Tridemic? One of the world leading virologists says its more like a Septademic. Dr. Peter Hotez joins us and talks about staying healthy during the holidays. Also as the humanitarian crisis on the border grows Governor Abbott is calling for an investigation of some of the non-profits helping migrants. We’ll explain. Plus, Google is making some changes that affect the results that show up in your searches including those shopping ads. Our go to tech expert Omar Gallaga takes us behind the curtains. And Big Bend National Park is about to get a little bigger with new areas to explore. All that and more today on the Texas Standard:
A San Antonio doctor says hospitals are facing a crisis as COVID-19, RSV and flu cases mount before in this holiday season. In Bexar county the wait for hospital beds on the rise, and some health experts are sounding an alarm as families gather for the holidays. We’ll hear the latest. Also a big OPEC meeting, a European ban on Russian oil and the ripple effects for Texas oil producers and consumers. And in a decades long effort to open up El Paso’s Castner Mountains what could be a tipping point for a regions that’s been losing a lot of natural land to developers. Those stories, the talk of Texas and and much more today on the Texas Standard:
50 years after they were declared unenforceable and illegal, could racial covenants finally be coming off property deeds in Texas? Coming up, Texas Senator Royce West on the push in the legislature to remove racial covenants from property conveyances and why this has become a priority. Also, Texas voices from the pandemic, the one from the previous century, that is. And the difficult task of calculating the loss to Texas due to COVID-19. Plus museums selling art to make ends meet. And the oil rally, already over? What it means for the industry and consumer prices at the pump. Those stories and more today on the Texas Standard:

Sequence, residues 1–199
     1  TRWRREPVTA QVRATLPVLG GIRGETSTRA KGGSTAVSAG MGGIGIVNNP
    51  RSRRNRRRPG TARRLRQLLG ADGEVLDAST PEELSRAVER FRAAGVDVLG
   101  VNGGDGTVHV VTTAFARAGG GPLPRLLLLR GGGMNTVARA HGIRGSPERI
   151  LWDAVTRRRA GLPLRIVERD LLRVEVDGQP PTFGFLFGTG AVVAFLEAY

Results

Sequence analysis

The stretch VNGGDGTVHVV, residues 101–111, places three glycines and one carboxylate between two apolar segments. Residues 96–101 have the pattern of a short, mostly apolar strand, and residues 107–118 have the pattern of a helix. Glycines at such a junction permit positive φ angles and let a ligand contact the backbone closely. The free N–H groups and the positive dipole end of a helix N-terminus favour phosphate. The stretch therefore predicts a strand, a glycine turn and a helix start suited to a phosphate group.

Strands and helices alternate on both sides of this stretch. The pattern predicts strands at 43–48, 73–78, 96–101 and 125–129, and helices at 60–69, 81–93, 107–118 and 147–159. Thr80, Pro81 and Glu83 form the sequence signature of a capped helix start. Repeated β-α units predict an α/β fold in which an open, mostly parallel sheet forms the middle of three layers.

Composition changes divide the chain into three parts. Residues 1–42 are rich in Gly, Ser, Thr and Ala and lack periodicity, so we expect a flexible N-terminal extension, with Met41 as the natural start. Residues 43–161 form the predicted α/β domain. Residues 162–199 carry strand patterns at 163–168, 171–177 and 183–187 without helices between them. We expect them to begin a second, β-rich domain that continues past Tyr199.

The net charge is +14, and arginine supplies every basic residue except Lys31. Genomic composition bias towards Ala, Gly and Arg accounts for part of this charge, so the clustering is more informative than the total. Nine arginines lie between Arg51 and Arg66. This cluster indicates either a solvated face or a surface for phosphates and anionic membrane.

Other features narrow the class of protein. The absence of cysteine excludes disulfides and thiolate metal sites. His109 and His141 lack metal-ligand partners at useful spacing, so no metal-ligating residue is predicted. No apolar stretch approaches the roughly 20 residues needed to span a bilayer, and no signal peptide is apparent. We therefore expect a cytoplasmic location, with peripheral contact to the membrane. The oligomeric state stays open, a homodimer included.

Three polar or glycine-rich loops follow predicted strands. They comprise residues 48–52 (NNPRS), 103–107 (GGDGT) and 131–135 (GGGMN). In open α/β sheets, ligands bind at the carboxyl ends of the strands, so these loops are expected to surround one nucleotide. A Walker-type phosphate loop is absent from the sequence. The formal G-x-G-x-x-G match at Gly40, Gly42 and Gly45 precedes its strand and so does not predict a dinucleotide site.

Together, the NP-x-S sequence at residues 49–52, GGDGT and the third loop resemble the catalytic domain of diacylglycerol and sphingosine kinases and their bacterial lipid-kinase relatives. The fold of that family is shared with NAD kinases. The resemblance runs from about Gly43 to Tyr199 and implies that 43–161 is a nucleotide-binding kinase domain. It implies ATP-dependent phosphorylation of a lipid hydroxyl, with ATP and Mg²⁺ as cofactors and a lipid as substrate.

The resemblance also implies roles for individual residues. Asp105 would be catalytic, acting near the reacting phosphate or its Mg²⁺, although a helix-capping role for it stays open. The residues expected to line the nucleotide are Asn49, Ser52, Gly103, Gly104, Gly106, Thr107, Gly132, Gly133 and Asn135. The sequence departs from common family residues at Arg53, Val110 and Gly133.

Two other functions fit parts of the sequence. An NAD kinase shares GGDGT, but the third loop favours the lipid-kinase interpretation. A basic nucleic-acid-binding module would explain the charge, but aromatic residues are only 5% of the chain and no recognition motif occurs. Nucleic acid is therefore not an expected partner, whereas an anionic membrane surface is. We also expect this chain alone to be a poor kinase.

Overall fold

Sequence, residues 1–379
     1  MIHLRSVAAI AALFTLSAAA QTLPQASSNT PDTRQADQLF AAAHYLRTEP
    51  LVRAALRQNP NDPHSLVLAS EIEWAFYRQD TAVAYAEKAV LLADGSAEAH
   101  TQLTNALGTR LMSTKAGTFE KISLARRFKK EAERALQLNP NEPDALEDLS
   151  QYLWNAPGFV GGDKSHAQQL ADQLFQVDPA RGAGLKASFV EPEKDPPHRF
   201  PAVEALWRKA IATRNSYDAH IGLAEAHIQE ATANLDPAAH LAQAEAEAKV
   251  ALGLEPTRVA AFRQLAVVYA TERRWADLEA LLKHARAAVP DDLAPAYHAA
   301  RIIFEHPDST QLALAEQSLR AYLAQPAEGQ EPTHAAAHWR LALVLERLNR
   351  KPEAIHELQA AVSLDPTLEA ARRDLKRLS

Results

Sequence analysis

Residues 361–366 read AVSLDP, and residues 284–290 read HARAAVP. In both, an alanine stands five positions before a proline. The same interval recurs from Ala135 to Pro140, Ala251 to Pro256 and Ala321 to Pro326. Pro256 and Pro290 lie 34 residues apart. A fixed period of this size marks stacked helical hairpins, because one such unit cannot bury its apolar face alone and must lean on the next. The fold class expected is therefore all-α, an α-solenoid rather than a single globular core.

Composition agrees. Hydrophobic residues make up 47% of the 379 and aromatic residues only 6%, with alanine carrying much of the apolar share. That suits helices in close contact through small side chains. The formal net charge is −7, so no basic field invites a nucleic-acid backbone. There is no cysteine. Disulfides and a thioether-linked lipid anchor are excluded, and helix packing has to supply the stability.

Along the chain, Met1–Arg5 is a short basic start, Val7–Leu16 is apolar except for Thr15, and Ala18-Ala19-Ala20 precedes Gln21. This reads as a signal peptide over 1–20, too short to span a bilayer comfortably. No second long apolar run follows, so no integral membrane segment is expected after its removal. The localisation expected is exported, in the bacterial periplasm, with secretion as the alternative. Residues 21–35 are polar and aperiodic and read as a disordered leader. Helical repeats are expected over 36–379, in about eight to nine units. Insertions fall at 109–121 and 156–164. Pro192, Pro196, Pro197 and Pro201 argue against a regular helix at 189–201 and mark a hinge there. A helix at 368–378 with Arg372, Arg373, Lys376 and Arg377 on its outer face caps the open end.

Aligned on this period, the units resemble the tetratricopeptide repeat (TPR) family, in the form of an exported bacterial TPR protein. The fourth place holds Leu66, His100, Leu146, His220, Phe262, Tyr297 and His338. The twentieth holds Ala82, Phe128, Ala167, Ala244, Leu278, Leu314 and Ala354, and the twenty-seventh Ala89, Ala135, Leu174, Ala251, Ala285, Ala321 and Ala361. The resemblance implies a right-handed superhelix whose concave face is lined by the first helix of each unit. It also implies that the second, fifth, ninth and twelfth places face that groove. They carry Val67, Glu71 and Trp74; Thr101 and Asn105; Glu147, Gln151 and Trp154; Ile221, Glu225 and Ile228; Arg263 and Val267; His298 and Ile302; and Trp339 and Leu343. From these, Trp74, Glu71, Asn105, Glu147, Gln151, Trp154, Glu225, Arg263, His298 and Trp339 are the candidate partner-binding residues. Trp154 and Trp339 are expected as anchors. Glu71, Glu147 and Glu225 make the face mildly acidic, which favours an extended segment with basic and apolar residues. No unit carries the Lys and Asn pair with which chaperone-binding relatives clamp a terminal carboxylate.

T minus 12 days and counting: are you ready to cast a ballot in Texas’ general election? We’ll have a list of practical steps to take now if you plan to cast a ballot in one of the most contentious elections in our history. Also the COVID-19 wake up call: why was Texas caught flatfooted even though plans had been in the works to deal with a pandemic? A Houston Chronicle investigation finds some surprising answers. And harsh lessons in reality for some just starting college in Texas during COVID-19. Those stories and so much more today on the Texas Standard:
The U.S. Supreme Court upholds an important decision in a case concerning access to abortions, closely watched in the Lone Star State. We’ll have the latest. Also, amid a pandemic, the start of early voting statewide in primary runoff elections. What’s been called a dry run for November. And a second look at a string of police shootings in Houston that predate the killing of George Floyd, and what they could mean for the future of police transparency. Plus Texas researchers develop a sensor to distinguish between symptoms of the flu and COVID-19. Those stories and more today on the Texas Standard:
It’s the season for sneezin’ — and that was the inspiration for this Typewriter Rodeo poem.
Demographic shifts and low reimbursements from Medicaid and Medicare add up to trouble for Texas’s rural hospitals. When a rural hospital shuts down it can have ripple effects, the health professionals leave and so do the pharmacists, creating healthcare deserts. And it’s not just physical health. Texas is also facing an enormous shortage of psychiatrists, especially outside of the big cities. But it’s not all bad news in health for Texas: the state is also home to some great innovators. We’ll introduce you to a few. Those stories and so much more today on the Texas Standard:
Snow to the north, flooding to the south, storms close in on the Lone Star State, with dangerous implications. We’ll hear the latest on weather warnings statewide. Also a man in a jail cell in Odessa may be one of the most prolific serial killers in history. Why did it take so long for authorities to catch him? Plus, why Texas appears to have become ground zero for a cryptocurrency crackdown. And challenging assumptions: one of the most comprehensive profiles of Latinos: ever. Those stories and a whole lot more today on the Texas Standard: